(News4usonline) – Audiences have always been enamored with tragedy and heartbreak. The essence of melancholy that exudes out of celebrities is easily consumed by the public that demands an enormous amount of entertainment from their favorite artist.
In retrospect, it is easy to forget that those who we idolize and worship are not deities with infinite amounts of vitality, but humans with standard limitations.
This is the case for singer and songwriter, Billie Holiday, who has been a modern example of the essential cataclysmic career fraught with domestic abuse, drug use and an early demise. At 44 years old, Holiday died of Cirrhosis, a liver disease believed to be exacerbated by her heroin and alcohol addiction which can be attributed to her dense touring schedule and constant racism she endured while performing from the 1930s to the early 1950s.Embed from Getty Images
The film “Lady Sings the Blues,” based on Holiday’s autobiography, was released in theaters 50 years ago and explores the perils of her early life as a maid for a brothel, her passion to become a singer and the subsequent issues of fame that preceded.
Although the film is filled with the basic cliches and banality that is seen in most biographical films, it is Diana Ross’ Golden Globe-winning and Academy Award-nominated portrayal of Holiday that gives the movie its identity.
It is almost difficult to believe how well Ross was able to convey the struggles and turbulent emotions that are needed for a character that is incredibly profound as Holiday. The amount of emotional range that is needed to give the character of Holiday a believable remorse tone without stepping into a parody or generic impersonation is outstanding.
It is almost surprising since Ross was known to emit a more energetic persona as a former singer of The Supremes, Motown’s most successful act.Embed from Getty Images
However, “Lady Sings the Blues,” is a relentless melodrama that opens with a disheveled Holiday being dragged and pushed by police officers while in a lackadaisical haze as she is thrown in a padded room sobbing and screaming to get out.
The emotional parallels of a woman trapped inside a prison cell due to her own actions make for an amazing allegory of Holiday’s life with substance abuse. Ross has the capability to use her emotional range to showcase her talent as audience members are meant to feel the anguish and torment illustrated by her character as she wails and cries by herself.
Though somber, this is one of the best scenes of the film.
Over the years, there have been numerous documentaries and dramas that touch on the life of Billie Holiday. The most recent film entitled, “The United States vs. Billie Holiday,” was directed by Lee Daniels and stars Andra Day.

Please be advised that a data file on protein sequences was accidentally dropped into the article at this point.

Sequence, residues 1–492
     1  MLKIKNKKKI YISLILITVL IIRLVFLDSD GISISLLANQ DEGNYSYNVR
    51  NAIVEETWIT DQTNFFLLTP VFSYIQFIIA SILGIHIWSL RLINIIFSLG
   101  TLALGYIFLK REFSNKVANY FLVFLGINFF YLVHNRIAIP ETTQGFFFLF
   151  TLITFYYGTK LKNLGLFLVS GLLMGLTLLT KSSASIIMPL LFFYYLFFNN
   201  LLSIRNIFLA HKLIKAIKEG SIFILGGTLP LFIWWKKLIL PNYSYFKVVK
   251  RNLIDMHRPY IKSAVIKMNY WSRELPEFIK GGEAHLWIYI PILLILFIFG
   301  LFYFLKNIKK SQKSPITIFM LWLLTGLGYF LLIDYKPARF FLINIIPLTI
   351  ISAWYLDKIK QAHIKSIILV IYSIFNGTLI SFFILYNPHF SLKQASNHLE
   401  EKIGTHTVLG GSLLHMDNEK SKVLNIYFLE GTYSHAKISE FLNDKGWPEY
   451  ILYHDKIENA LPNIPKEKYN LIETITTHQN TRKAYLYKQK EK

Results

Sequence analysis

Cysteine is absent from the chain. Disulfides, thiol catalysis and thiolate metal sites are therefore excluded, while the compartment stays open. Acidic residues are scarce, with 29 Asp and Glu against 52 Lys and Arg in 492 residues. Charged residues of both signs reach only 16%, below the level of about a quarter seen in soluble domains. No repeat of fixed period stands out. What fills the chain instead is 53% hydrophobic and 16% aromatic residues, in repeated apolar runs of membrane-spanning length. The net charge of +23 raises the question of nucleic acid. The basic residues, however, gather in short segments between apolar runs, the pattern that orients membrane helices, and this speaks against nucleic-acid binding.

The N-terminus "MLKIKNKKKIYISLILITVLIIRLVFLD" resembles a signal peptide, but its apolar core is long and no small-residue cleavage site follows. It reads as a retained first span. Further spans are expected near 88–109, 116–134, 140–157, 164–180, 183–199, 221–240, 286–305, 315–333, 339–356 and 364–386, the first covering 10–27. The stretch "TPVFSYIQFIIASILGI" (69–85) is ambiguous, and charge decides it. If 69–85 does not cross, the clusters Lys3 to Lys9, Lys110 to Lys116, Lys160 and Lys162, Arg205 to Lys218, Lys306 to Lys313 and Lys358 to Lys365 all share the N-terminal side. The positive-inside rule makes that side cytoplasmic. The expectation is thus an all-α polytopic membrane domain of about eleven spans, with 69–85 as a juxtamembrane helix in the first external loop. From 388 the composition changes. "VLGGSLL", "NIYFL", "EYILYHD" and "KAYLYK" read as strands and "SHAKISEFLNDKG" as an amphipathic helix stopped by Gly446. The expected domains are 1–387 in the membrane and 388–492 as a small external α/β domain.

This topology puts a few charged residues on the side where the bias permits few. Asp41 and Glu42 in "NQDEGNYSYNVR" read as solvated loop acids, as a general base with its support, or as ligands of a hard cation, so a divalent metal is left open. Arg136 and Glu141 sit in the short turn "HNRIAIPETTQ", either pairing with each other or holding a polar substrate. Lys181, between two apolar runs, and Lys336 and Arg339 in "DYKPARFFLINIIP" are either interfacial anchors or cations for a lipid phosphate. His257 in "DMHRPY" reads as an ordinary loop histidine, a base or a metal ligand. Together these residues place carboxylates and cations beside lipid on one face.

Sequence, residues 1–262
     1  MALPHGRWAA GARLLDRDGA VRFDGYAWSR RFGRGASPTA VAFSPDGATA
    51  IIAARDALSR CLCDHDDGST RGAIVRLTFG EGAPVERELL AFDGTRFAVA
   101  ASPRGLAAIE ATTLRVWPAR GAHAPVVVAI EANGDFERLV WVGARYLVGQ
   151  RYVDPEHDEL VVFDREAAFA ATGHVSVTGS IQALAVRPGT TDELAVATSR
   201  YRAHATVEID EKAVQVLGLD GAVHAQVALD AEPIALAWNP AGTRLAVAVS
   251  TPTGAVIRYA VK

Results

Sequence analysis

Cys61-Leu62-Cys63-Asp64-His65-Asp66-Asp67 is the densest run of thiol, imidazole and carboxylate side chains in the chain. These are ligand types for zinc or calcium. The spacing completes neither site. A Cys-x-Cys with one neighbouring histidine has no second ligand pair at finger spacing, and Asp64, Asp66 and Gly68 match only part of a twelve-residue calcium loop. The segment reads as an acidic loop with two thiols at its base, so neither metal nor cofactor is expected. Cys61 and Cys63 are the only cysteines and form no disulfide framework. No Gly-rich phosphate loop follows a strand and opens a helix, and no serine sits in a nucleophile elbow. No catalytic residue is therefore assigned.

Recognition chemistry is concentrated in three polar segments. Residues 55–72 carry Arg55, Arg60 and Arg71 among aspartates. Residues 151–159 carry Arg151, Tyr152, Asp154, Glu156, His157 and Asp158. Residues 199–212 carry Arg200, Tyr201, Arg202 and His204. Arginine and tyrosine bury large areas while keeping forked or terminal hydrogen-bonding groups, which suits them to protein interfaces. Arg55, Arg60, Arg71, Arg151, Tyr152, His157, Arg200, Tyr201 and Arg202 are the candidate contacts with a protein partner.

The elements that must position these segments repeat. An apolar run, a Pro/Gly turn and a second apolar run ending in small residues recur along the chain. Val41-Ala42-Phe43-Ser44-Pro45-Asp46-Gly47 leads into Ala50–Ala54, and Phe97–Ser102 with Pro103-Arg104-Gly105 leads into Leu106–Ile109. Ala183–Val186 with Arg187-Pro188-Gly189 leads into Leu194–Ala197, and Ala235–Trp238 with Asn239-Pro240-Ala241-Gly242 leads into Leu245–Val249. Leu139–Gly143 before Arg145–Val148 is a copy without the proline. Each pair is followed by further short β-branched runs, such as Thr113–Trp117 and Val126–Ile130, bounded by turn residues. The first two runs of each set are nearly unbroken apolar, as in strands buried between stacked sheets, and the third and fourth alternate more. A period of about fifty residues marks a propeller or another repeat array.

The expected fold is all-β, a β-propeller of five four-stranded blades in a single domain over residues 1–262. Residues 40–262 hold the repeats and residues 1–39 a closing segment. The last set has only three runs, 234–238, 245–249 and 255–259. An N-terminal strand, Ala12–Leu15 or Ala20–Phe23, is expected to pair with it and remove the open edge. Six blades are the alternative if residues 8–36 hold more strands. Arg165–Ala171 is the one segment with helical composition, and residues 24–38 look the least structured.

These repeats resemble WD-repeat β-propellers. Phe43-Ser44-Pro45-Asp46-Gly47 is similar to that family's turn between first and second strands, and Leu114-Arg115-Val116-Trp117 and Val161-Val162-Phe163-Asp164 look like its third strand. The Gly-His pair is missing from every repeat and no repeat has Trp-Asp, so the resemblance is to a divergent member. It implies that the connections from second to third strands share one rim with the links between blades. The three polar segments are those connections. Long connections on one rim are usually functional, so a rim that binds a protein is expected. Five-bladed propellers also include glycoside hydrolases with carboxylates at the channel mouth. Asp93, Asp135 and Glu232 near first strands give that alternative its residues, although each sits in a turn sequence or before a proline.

This film tells the story of Holiday’s controversial song “Strange Fruit.” Holiday wrote “Strange Fruit” after witnessing a public lynching. The film is at times beautifully lit with glossy cinematography that attempts to immerse the audience in the world of 1940s New York.
Regardless, there is a lack of intensity that is missing that “Lady Sings the Blues” is able to provide, and although Day may look more similar to Holiday, Ross’ performance still outshines even after 50 years.Embed from Getty Images
The other principal role is Louis McKay, Holiday’s lover, played by Billy Dee Williams who performs in his patented sly and cool demeanor. Even though Williams is usually typecast for these types of roles, there is an opportunity for him to explore his range, especially in the scene when he tries to take Holiday’s drugs away from her but she brandishes a razor in his face with the intent to harm.
The heartbroken McKay leaves dejected, unable to occupy the empty gap that has been filled with Holiday’s addiction.
A young Richard Pryor plays Piano Man that is pivotal in Holiday’s success by providing her with a gig at a nightclub that would ultimately become the beginning of her career. Pryor is more subtle in this film unlike his other comedic roles and stand-up specials, but he is also charming and lovable which makes the end of his story arch upsetting.
The film is more than a performance piece; it also encapsulates the struggles of being an African-American entertainer in the 1930s and 1940s when racism was prevalent. Along with Holiday’s traumatic pass and gurgling tour schedule, the unfound bigotry she encountered may have also contributed to her dangerous substance abuse.
After 50 years, “Lady Sings the Blues,” remains the best Billie Holiday biopic due to the strong performance by Ross. The movie would catapult Ross into a major celebrity that earned her notoriety and acclaim.
The soundtrack for the film would become number one on the U.S. album chart and Ross would continue to have a fruitful career as she would earn roles in “Mahogany” and “The Wiz.” Billie Holiday was a tragic figure with a cautionary tale that is best represented by this film.